Last week, the BC Supreme Court ordered that donated sperm purchased and stored by a former lesbian couple was to be divided equally between them.
One of the women wanted to use the anonymous donor sperm, which was stored in sperm straws at a Vancouver fertility clinic, to have a child with her new partner. She sought an order giving her ownership of the sperm. Her former partner argued that the sperm should be destroyed.
In her reasons, Madam Justice Russell framed the issues as follows:
1. Are the sperm straws property?
2. Is it relevant for the court to consider the best interests of the existing children and any future donor offspring when deciding whether the claimant should be awarded the sperm straws?
3. Is insemination from an anonymous sperm donor proscribed in British Columbia?
4. If the answer to the first question is yes, how should the sperm straws be divided between the claimant and the respondent?
In the end, Madam Justice Russell decided to treat the frozen sperm as property because the women themselves, and everyone involved, had treated the sperm like property. The sperm straws were purchased by the parties and used to their benefit, to conceive children together. They had the right to deal with the sperm straws as their property. When their relationship ended, the parties had divided all of their joint property equally between them. So too should they divide the sperm straws.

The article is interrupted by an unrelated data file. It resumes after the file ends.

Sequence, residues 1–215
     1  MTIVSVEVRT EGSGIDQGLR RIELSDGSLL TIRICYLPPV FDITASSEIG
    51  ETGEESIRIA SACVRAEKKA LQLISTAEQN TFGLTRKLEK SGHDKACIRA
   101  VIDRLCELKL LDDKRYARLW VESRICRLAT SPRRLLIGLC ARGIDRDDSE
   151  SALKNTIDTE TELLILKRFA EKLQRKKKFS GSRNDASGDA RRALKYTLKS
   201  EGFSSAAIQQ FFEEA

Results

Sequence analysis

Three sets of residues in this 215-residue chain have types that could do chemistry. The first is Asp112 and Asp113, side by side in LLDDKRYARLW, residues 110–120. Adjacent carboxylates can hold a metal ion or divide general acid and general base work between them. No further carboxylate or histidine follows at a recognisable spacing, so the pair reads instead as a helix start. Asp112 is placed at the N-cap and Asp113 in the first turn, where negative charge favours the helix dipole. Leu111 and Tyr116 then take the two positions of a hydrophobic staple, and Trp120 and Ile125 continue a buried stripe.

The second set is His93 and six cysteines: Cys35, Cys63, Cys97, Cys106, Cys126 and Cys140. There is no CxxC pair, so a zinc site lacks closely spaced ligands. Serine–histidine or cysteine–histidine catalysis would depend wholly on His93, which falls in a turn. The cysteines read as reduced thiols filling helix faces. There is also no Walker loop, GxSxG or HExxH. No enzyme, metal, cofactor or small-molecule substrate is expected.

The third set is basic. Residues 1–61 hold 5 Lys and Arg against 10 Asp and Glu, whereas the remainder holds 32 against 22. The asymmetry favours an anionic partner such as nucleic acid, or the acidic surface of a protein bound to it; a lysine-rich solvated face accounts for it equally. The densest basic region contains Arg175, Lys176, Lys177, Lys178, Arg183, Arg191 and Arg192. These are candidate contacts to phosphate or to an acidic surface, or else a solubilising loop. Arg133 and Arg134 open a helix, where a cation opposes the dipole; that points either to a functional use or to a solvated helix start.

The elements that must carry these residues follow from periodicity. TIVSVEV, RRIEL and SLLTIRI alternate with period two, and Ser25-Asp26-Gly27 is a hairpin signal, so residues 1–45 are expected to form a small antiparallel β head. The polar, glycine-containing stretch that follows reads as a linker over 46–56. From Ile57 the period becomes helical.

Justice Russell also decided that in the circumstances of this particular family law case, it would not be appropriate for the court to undertake an analysis as to what might be in the best interests of the children born to the parties, or to any potential child that may be conceived by the claimant and her new partner. She pointed out that when a relationship between a man and a woman breaks down, the woman cannot stop the man from fathering children with other women. Neither party has any right to restrict the other’s right to procreate. Neither should the parties here.
. . . to engage in any such analysis [of the best interests of the children who would be half-siblings] would be borderline discriminatory to couples, such as the parties, who must conceive through sperm donation should they wish to have children that are biologically their own — Madam Justice Russell, para 85
As for the legality of anonymous sperm donation in British Columbia, the court left that issue for another day. The lawyer for the woman who wanted the sperm destroyed argued that last year’s Pratten v. British Columbia (Attorney General) decision proscribed anonymous sperm donation. Madam Justice Russell took a practical approach, concluding that determining the legality of anonymous sperm donation was outside the scope of the case, and that it was too late to apply such arguments anyway– the sperm had already been donated and purchased. Moreover, the Pratten decision is still before the Court of Appeal, with judgment reserved. Stay tuned.